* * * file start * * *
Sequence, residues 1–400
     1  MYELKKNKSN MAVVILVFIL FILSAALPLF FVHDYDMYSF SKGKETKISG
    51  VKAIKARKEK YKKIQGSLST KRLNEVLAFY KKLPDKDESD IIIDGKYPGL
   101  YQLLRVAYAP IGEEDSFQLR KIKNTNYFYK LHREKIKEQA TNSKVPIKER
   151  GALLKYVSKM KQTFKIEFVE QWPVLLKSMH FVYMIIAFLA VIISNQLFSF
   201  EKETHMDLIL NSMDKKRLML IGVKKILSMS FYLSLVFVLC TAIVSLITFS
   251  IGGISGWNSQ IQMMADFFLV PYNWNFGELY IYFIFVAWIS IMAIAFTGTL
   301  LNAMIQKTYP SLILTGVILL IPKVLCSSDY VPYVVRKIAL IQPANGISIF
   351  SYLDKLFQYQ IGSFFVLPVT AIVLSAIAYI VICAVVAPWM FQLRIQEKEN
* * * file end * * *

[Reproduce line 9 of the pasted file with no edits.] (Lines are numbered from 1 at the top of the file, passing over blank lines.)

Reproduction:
   351  SYLDKLFQYQ IGSFFVLPVT AIVLSAIAYI VICAVVAPWM FQLRIQEKEN